Take folic acid and a prenatal vitamin! Any prenatal vitamin is fine. They all have folic acid and the recommendation is to start taking one three months prior to conception and to continue while breastfeeding. While it is recommended to take a prenatal vitamin with folic acid during this entire time period, the most important time is during the first trimester. Note: I don't know much about importance of folic acid for nursing, but it is important to maintain a healthy lifestyle while nursing so that you don't deplete important vitamins and minerals that are secreted in the breast milk.
Exercise during pregnancy – can you do too much?
The general recommendations are that exercise is healthy in pregnancy, especially if you have been exercising prior to pregnancy.
What are top causes of premature labor?
There are many causes of preterm labor and a lot of the time we don't know why: infection, inflammation, mechanical (twins). There are also many causes for iatrogenic (induced) preterm labor, mostly related to elevated blood pressures.
Is some wine during pregnancy okay?
As a physician I have to say that we don't understand the threshold for alcohol, but if you are looking for another answer, do ask your midwife.
What about foods? Sometimes it seems like everything is off-limits.
Recommendations are to avoid any food that could cause an infection during pregnancy, including bacterial contamination or protozoa. These include raw foods (meat or eggs), sushi, unpasteurized cheeses, and sandwich meats. Sandwich meats also have nitrates that have been speculated to be harmful. Fish that contain high levels of mercury should also be avoided, however there is more leniency on this recently due to benefits of omega-3 fatty acids.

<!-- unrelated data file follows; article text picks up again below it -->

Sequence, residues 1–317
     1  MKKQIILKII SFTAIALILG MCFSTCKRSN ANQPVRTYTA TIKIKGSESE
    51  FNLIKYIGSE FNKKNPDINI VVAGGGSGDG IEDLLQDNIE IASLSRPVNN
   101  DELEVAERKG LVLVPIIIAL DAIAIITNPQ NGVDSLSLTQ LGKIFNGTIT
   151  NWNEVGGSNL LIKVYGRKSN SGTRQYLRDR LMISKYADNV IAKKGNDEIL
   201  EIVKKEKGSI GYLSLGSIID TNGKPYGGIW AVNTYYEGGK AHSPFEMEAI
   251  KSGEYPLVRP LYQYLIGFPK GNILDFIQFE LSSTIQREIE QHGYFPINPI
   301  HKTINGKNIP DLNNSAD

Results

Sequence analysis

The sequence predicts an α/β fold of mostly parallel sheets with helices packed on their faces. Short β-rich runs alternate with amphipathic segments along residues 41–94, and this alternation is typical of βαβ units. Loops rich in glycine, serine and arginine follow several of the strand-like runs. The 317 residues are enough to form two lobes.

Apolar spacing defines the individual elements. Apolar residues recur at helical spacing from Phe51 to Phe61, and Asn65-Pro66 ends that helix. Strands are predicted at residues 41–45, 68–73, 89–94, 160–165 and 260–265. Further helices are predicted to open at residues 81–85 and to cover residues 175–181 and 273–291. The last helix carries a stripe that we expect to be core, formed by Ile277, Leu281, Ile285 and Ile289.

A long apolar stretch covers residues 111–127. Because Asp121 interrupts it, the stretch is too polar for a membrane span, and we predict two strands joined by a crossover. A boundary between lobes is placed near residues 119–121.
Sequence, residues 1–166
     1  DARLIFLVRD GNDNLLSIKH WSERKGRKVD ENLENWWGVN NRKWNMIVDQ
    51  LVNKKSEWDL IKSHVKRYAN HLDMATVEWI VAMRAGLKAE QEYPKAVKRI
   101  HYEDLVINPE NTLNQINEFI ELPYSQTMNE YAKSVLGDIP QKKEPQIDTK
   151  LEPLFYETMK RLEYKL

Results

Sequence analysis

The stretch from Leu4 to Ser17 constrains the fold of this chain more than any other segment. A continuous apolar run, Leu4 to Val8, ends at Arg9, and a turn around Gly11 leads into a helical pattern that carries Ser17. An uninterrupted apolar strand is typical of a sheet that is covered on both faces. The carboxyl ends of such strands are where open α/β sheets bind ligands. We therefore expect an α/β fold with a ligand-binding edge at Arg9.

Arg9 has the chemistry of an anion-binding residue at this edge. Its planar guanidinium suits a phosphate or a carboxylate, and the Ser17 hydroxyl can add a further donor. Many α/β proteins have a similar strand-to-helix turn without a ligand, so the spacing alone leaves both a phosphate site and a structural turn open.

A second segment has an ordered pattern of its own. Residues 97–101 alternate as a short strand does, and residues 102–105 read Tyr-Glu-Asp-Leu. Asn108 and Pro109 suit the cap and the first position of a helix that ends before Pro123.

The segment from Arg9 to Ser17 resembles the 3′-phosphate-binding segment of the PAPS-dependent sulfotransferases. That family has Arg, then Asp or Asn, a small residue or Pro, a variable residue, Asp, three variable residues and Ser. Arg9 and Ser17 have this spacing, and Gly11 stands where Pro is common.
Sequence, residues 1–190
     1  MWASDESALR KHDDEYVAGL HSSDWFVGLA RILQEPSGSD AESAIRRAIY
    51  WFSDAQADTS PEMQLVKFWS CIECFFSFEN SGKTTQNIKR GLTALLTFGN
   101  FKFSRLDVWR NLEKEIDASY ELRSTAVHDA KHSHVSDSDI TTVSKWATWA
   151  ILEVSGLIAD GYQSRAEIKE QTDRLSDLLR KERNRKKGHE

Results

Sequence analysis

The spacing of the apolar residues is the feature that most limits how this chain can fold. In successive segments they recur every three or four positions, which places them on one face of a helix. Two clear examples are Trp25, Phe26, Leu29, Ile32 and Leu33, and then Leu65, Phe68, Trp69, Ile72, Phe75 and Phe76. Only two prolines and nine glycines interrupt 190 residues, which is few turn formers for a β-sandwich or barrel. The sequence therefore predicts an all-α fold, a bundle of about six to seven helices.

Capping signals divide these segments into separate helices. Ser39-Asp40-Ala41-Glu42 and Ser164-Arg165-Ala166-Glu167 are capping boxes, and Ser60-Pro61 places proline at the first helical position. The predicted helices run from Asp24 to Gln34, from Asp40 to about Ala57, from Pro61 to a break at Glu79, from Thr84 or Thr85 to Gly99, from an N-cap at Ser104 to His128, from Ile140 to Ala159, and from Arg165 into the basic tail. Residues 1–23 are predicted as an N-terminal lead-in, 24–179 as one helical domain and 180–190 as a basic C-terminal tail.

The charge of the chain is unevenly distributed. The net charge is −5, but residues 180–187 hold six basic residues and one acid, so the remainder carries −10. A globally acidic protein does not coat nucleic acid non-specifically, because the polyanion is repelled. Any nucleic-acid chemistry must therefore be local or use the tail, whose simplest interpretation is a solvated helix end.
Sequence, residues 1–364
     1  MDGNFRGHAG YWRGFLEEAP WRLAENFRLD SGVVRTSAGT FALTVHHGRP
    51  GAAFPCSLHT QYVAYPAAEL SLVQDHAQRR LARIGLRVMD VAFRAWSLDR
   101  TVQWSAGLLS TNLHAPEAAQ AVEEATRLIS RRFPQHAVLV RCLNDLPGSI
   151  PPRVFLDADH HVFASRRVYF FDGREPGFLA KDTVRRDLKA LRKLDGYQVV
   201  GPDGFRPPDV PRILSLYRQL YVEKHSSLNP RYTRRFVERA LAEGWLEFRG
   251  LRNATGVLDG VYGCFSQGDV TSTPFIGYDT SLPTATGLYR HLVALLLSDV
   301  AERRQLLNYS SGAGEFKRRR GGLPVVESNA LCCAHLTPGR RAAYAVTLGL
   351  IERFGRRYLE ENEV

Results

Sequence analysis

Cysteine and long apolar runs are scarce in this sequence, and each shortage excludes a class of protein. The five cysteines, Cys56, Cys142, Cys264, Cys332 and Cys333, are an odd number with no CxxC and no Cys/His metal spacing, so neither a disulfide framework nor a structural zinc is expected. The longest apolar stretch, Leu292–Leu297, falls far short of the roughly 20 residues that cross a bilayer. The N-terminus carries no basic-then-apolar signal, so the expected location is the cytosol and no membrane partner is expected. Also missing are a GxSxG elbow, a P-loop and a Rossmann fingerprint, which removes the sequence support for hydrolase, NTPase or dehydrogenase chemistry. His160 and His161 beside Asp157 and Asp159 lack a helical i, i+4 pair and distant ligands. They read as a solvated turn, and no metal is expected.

What advice can you give from one working mom to another?
Make sure the time you spend with your family is quality time. Try not to bring work home with you - be completely engaged with your family when you are spending time with them. If you have any flexibility in your schedule, use it to prioritize events that are important to your kids. It might make more sense to work at night if it means you will make it to their play during the day.
You’d think motherhood for an obstetrician would be easier than for the rest of us, given you’ve seen it all. What’s been the biggest surprise in being a mom?
It doesn't seem like it's easier! I've realized the value of having a pediatrician to turn to when my child is ill instead of trying to take care of things myself. I've realized the difference in judgment when the patient is your child. I also didn't expect motherhood to be harder than work. I now understand why patience is a virtue and that kids really do grow up way too fast!
About Dr. Jelin
Dr. Angie Child Jelin is the assistant director of prenatal genetics at the Prenatal Diagnostic Center in the Division of Maternal-Fetal Medicine and an assistant professor in the Johns Hopkins Medicine Department of Gynecology and Obstetrics.
Dr. Jelin earned her medical degree from Harvard Medical School. She did her residency in obstetrics and gynecology at the University of California, San Francisco, and then remained there to complete a maternal-fetal medicine and genetics fellowship.